# Riesz representation theorem

There are several well-known theorems in functional analysis known as the Riesz representation theorem. They are named in honour of Frigyes Riesz.

This article will describe his theorem concerning the dual of a Hilbert space, which is sometimes called the Fréchet-Riesz theorem. For the theorems relating linear functionals to measures, see Riesz–Markov–Kakutani representation theorem.

## The Hilbert space representation theorem

This theorem establishes an important connection between a Hilbert space and its (continuous) dual space. If the underlying field is the real numbers, the two are isometrically isomorphic; if the underlying field is the complex numbers, the two are isometrically anti-isomorphic. The (anti-) isomorphism is a particular, natural one as will be described next.

Let H be a Hilbert space, and let H* denote its dual space, consisting of all continuous linear functionals from H into the field R or C. If x is an element of H, then the function φx, defined by

$\varphi_x (y) = \left\langle y , x \right\rangle \quad \forall y \in H$

where $\langle\cdot,\cdot\rangle$ denotes the inner product of the Hilbert space, is an element of H*. The Riesz representation theorem states that every element of H* can be written uniquely in this form.

Theorem. The mapping Φ: HH* defined by Φ(x) = φx is an isometric (anti-) isomorphism, meaning that:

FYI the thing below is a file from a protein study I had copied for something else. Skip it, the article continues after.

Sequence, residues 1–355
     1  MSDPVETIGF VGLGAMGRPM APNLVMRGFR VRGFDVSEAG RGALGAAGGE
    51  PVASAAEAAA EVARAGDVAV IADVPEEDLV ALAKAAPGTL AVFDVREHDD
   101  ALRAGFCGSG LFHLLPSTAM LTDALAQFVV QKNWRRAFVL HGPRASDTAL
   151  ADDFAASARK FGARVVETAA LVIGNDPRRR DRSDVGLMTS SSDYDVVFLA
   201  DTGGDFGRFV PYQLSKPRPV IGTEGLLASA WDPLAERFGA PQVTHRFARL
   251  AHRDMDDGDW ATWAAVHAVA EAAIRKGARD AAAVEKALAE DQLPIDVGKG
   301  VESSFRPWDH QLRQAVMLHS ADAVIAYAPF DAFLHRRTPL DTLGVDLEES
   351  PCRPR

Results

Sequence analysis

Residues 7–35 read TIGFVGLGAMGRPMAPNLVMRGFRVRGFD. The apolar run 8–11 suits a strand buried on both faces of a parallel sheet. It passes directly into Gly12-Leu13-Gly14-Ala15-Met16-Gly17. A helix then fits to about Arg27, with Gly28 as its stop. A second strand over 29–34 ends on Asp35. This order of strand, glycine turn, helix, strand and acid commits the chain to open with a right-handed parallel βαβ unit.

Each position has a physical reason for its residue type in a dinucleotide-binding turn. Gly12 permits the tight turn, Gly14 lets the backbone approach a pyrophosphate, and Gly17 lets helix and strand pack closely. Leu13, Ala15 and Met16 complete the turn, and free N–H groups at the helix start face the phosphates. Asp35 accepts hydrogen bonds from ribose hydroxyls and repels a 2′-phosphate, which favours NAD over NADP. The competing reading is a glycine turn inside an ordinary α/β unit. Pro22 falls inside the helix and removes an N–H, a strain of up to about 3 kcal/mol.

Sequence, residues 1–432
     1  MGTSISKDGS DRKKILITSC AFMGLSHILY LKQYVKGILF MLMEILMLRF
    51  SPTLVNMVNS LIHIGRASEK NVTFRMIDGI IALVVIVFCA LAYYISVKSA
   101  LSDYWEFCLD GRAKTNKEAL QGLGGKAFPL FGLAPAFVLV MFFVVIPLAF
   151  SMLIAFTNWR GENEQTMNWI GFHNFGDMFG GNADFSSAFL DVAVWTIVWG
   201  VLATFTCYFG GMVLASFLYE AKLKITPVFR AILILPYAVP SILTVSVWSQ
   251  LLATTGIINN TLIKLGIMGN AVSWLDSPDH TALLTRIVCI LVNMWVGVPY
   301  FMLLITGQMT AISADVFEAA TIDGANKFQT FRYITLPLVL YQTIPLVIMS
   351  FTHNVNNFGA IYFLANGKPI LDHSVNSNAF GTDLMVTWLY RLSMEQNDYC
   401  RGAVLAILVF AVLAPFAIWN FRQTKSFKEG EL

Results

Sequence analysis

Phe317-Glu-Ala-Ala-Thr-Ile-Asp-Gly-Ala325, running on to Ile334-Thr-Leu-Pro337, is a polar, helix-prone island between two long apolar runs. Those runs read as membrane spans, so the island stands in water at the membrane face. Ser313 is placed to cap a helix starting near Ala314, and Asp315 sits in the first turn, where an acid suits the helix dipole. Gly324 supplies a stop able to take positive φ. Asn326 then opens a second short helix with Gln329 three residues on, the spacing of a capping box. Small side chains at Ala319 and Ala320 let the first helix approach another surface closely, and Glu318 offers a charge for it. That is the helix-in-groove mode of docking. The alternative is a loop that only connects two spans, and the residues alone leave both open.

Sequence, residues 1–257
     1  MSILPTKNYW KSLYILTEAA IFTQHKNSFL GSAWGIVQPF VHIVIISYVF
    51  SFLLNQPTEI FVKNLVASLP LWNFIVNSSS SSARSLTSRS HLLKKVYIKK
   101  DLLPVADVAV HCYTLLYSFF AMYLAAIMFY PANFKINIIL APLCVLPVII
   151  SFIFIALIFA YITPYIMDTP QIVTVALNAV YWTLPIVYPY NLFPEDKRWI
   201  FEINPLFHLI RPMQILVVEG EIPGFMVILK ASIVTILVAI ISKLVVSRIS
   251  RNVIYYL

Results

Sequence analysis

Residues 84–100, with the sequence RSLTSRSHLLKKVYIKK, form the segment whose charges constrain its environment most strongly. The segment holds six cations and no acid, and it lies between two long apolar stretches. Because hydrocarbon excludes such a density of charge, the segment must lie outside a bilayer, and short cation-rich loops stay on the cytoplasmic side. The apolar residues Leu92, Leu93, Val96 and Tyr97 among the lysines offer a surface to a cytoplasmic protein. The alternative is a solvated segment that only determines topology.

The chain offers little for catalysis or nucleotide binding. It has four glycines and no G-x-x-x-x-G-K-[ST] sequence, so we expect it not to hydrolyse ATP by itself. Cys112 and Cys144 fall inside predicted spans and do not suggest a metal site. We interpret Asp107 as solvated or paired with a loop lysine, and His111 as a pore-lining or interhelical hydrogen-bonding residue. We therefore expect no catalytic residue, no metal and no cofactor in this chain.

• Φ is bijective.
• The norms of x and Φ(x) agree: $\Vert x \Vert = \Vert\Phi(x)\Vert$.
• Φ is additive: $\Phi( x_1 + x_2 ) = \Phi( x_1 ) + \Phi( x_2 )$.
• If the base field is R, then $\Phi(\lambda x) = \lambda \Phi(x)$ for all real numbers λ.
• If the base field is C, then $\Phi(\lambda x) = \bar{\lambda} \Phi(x)$ for all complex numbers λ, where $\bar{\lambda}$ denotes the complex conjugation of λ.

The inverse map of Φ can be described as follows. Given a non-zero element φ of H*, the orthogonal complement of the kernel of φ is a one-dimensional subspace of H. Take a non-zero element z in that subspace, and set $x = \overline{\varphi(z)} \cdot z /{\left\Vert z \right\Vert}^2$. Then Φ(x) = φ.

Historically, the theorem is often attributed simultaneously to Riesz and Fréchet in 1907 (see references).

In the mathematical treatment of quantum mechanics, the theorem can be seen as a justification for the popular bra–ket notation. When the theorem holds, every ket $|\psi\rangle$ has a corresponding bra $\langle\psi|$, and the correspondence is unambiguous.